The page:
Hardware Today: Unisys Server Snapshot Page 2
The previous Unisys Server Snapshot commented on Unisys' reluctance to prioritize Linux operating system support (at the time it was quietly supporting SUSE). Feverston describes the recent addition of support for Red Hat as pushing Linux into unproven scale-up territory. "Our goal is to be able to show people that we can scale Linux also," Feverston said, "we've proven that it's doable with Microsoft over the last three or four years." Unisys is now targeting databases on RISC platforms for migration to Linux, a move that will put it IBM POWER and HP-UX.
Unisys is now targeting databases on RISC platforms for migration to Linux, a move that will put it IBM POWER and HP-UX.
Sageza Research Director Joyce Becknell sees Linux support as a new jewel for Unisys' services chest. "This is in keeping with their master strategy. If they're going to continue to hold these big partnerships and help people migrate, shift, remanage, refocus, and organize their IT, they have to have the Linux skills. Even if people don't buy them right off, they want to know that they're using a services partner who has those capabilities."
Becknell noted that Unisys doesn't stand to lose much by downplaying its Windows-based offerings. "Unisys does not have the kind of relationship with Microsoft that HP or Dell has," she said, implying HP and Dell have much to lose, were they to downplay their Windows offerings, because of their distribution deals with Microsoft.
Unisys' Itanium-2 focus may be a harder sell. "I can't speak to Itanium in the low echelons; in the DP [dual processor] space, those who are moving enterprise or mission-critical applications, especially databases, are choosing Itanium," Feverston noted, adding, "It's not a volume market, but it is an important market."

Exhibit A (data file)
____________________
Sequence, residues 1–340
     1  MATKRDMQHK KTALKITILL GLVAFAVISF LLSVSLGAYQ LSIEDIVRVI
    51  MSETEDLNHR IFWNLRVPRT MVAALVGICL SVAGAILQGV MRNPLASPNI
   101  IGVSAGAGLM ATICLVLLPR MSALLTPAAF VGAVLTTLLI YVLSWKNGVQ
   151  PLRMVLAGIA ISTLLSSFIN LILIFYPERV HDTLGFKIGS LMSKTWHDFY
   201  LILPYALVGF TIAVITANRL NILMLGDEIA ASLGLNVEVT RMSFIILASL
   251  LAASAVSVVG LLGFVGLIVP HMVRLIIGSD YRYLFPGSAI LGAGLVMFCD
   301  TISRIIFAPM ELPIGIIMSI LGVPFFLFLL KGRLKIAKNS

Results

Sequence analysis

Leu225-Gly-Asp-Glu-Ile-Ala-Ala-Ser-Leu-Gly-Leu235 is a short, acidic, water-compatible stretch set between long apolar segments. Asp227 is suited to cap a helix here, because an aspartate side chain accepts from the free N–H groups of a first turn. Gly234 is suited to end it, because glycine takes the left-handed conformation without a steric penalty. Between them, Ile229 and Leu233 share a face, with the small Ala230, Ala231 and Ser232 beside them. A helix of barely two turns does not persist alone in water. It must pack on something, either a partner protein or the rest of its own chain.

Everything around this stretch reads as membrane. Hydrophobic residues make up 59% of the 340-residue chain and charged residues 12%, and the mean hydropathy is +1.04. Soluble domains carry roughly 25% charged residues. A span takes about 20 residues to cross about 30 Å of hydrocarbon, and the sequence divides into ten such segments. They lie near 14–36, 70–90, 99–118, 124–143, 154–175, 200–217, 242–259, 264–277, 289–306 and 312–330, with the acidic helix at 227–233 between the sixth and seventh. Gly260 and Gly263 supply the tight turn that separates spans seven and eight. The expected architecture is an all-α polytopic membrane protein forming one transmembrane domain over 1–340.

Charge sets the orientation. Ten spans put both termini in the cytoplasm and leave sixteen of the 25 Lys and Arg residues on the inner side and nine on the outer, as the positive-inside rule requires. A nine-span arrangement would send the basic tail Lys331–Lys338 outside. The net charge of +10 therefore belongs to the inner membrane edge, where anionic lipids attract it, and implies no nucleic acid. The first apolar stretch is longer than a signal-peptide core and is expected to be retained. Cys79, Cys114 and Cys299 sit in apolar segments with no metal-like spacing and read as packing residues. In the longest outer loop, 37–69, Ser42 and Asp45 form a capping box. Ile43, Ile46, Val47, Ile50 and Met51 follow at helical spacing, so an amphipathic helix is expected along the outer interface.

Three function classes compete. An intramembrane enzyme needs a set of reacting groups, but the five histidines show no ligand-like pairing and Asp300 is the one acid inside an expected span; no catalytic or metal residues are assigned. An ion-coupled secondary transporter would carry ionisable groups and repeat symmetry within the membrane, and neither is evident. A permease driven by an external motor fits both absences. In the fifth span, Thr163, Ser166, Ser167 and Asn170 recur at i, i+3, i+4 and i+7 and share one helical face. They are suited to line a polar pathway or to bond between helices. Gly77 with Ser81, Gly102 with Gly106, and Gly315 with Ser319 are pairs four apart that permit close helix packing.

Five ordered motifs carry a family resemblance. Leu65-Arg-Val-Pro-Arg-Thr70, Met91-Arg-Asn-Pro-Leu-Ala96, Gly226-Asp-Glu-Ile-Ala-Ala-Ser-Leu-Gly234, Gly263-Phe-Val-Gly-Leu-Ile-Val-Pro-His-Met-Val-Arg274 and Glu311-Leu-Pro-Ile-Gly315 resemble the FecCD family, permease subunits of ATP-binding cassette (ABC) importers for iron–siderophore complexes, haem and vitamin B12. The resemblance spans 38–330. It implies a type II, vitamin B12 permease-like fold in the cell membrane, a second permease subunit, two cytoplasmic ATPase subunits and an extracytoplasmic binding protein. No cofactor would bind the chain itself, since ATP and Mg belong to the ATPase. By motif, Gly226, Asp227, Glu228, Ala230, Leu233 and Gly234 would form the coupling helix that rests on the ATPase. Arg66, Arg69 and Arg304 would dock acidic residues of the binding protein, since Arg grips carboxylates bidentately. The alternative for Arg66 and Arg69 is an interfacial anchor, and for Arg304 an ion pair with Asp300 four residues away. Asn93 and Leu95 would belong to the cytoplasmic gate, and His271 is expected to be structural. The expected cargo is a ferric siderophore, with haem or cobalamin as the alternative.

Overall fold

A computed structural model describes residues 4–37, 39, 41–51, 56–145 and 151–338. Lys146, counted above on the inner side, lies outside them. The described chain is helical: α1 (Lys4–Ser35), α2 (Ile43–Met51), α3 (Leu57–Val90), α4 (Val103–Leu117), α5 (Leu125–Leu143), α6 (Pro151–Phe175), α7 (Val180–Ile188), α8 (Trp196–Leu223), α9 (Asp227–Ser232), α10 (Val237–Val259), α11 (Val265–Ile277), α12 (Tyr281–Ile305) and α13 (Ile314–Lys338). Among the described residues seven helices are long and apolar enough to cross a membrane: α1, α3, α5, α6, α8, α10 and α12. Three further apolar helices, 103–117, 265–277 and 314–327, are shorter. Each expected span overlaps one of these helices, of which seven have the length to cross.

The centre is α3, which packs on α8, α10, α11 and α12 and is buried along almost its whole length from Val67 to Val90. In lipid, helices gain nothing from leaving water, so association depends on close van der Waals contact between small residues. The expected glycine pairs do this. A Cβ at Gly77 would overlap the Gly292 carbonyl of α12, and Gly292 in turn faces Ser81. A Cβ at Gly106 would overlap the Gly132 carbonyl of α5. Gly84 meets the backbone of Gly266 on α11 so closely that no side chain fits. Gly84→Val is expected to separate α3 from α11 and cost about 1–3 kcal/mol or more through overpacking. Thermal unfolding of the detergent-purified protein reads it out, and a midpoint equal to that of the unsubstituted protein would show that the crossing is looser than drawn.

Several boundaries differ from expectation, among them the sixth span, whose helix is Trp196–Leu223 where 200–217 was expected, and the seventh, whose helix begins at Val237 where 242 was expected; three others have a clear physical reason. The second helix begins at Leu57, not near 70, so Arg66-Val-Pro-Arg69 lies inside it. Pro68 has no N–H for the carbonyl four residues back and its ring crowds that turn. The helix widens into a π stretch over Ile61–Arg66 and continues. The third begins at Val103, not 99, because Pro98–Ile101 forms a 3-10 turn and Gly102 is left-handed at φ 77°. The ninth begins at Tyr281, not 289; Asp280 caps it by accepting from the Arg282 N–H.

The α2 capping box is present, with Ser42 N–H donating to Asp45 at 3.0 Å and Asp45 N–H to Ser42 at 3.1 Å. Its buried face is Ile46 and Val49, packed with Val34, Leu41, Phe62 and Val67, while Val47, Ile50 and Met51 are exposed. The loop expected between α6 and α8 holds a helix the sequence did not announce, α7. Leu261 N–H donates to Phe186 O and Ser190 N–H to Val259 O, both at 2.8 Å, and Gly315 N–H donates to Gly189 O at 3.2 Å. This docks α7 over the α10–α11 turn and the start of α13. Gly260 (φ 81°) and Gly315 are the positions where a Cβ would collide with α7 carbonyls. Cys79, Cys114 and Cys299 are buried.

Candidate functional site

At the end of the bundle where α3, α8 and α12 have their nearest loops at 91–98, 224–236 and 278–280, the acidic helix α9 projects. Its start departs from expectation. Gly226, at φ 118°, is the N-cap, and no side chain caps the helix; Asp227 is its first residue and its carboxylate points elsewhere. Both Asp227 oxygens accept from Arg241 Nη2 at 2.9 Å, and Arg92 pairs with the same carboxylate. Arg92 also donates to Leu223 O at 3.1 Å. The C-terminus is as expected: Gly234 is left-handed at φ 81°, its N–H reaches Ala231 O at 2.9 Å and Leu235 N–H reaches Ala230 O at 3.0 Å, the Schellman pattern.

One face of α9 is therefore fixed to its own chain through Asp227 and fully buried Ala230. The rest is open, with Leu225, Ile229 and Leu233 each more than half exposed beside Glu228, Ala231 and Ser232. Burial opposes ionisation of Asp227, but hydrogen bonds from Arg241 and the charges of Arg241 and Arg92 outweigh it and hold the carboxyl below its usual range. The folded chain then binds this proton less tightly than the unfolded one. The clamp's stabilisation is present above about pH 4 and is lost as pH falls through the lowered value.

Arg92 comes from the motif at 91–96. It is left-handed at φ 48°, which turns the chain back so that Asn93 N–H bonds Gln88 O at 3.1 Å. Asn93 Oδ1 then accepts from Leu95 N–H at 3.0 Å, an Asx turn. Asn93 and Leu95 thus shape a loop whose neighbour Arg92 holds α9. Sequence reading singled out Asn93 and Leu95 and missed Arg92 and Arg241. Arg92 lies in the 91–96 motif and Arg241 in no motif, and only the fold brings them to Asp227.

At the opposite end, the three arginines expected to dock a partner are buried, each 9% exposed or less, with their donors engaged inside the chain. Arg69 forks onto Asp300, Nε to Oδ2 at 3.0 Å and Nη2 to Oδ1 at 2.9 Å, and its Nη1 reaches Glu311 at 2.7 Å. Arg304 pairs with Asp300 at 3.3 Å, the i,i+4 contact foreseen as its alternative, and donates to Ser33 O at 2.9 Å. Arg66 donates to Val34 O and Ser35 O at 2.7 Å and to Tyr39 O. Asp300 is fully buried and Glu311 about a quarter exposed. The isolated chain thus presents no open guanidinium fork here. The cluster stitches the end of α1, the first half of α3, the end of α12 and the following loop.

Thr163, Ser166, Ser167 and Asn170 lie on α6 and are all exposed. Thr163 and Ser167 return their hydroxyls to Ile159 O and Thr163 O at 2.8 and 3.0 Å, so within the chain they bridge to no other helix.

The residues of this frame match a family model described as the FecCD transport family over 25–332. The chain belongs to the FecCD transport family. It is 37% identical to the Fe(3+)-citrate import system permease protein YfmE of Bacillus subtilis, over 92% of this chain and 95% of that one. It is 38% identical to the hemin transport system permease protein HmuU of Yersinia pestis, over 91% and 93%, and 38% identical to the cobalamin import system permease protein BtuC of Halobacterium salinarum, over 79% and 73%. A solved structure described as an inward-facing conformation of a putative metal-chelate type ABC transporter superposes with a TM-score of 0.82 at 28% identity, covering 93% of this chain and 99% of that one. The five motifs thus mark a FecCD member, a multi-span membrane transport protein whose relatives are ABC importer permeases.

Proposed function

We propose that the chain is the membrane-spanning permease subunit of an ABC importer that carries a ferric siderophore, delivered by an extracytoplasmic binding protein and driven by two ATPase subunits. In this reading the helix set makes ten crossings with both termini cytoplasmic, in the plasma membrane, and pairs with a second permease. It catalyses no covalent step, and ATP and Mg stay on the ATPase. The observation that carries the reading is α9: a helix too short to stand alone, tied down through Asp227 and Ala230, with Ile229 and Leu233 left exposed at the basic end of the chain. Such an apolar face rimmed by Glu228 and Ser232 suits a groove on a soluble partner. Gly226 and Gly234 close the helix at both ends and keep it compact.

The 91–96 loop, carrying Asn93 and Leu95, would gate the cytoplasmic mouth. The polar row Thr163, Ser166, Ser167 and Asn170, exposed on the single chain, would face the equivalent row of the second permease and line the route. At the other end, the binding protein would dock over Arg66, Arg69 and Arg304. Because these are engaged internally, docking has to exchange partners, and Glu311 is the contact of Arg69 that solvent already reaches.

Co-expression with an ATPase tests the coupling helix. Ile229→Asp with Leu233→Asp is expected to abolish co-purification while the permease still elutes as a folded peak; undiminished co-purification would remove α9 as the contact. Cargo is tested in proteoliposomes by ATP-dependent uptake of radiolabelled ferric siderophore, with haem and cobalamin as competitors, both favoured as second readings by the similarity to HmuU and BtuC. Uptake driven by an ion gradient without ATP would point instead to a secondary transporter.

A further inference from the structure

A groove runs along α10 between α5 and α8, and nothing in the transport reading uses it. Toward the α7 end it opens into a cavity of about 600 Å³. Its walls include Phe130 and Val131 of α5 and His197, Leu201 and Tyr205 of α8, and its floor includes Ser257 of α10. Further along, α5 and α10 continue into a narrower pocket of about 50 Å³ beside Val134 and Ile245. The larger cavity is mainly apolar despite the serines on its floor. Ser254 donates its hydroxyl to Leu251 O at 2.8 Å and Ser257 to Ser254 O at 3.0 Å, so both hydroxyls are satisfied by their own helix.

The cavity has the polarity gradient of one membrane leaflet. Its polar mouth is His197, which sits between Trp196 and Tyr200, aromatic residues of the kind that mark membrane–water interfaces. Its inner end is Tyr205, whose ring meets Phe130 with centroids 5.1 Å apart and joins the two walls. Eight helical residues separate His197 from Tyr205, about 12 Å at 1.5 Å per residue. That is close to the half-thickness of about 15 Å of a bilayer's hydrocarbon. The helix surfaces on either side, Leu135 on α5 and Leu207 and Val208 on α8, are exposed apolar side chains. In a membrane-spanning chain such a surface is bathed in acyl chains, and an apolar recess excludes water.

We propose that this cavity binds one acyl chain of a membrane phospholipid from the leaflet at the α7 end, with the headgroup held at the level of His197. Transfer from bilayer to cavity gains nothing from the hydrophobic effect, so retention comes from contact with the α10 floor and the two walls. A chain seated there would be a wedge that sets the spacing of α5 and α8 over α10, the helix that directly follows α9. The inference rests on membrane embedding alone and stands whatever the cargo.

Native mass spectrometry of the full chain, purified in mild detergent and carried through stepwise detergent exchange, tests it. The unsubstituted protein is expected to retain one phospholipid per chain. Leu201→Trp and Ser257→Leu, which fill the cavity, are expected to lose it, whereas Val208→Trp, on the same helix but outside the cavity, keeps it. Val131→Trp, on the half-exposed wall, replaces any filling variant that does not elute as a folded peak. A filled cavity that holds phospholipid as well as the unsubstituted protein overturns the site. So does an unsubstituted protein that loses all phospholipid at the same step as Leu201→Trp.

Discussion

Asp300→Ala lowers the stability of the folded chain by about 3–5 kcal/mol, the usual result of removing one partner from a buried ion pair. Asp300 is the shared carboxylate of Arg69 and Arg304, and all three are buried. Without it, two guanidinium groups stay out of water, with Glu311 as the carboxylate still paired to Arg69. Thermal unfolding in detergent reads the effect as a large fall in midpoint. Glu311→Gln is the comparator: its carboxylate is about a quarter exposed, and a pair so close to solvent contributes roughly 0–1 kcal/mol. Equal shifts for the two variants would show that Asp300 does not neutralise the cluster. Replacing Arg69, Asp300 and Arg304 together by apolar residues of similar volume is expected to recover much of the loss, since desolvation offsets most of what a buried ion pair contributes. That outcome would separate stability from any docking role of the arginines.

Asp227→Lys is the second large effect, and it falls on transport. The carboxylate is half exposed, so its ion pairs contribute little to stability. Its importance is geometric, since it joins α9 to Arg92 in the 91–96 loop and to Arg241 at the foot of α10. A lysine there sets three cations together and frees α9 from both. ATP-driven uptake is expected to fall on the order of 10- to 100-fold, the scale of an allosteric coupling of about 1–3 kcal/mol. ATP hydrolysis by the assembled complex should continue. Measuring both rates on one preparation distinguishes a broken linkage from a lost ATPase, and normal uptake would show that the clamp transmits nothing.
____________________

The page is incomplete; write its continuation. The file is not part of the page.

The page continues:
Becknell likens Unisys' somewhat tepid server sales, particularly of Itanium-2 based servers, to Costco's decision to sell coffins for a reduced wholesale rate at its stores. Costco, she said, "hasn't really done a lot of business because most people are really uncomfortable with the idea," just as enterprises may uncomfortable purchasing Itanium-2 servers, for example.
"Does that hurt Costco? Does it improve their image? Well, it depends on the group they're talking to," Becknell joked. "It's the same thing with Unisys, I think. They've got one foot in there; I certainly don't think anyone loses sleep over them as a [server sales] competitor," she concluded.
At the end of the day, Unisys' services are its chief selling point. Enterprises that like the service offerings will likely find the servers to be the perfect complement. "We offer the Unix customer an alternative with no compromises, and they have their choice of huge amounts of software applications utilities," Feverston said, "and more importantly, they have a very large pool of ready made skills in the marketplace, to manage a standards-based data center or infrastructure." This, in turn, fuels what he describes as a "growing customer base."
Becknell likens Unisys' service to a good pizza. "The really hard part for most people isn't assembling the collection of tools, it's actually doing something with them, actually buying all of the pieces, putting it all together. Just because you buy all the ingredients of a pizza doesn't mean you're going to make a good pizza," she said. Unisys' service and support is akin to pizza-making skill.
"It's one thing to sell them hardware, it's another thing for them to invite you back in to work side-by-side with them and make their implementation function properly," Feverston trumpeted, singing the tune of Unisys' true strength.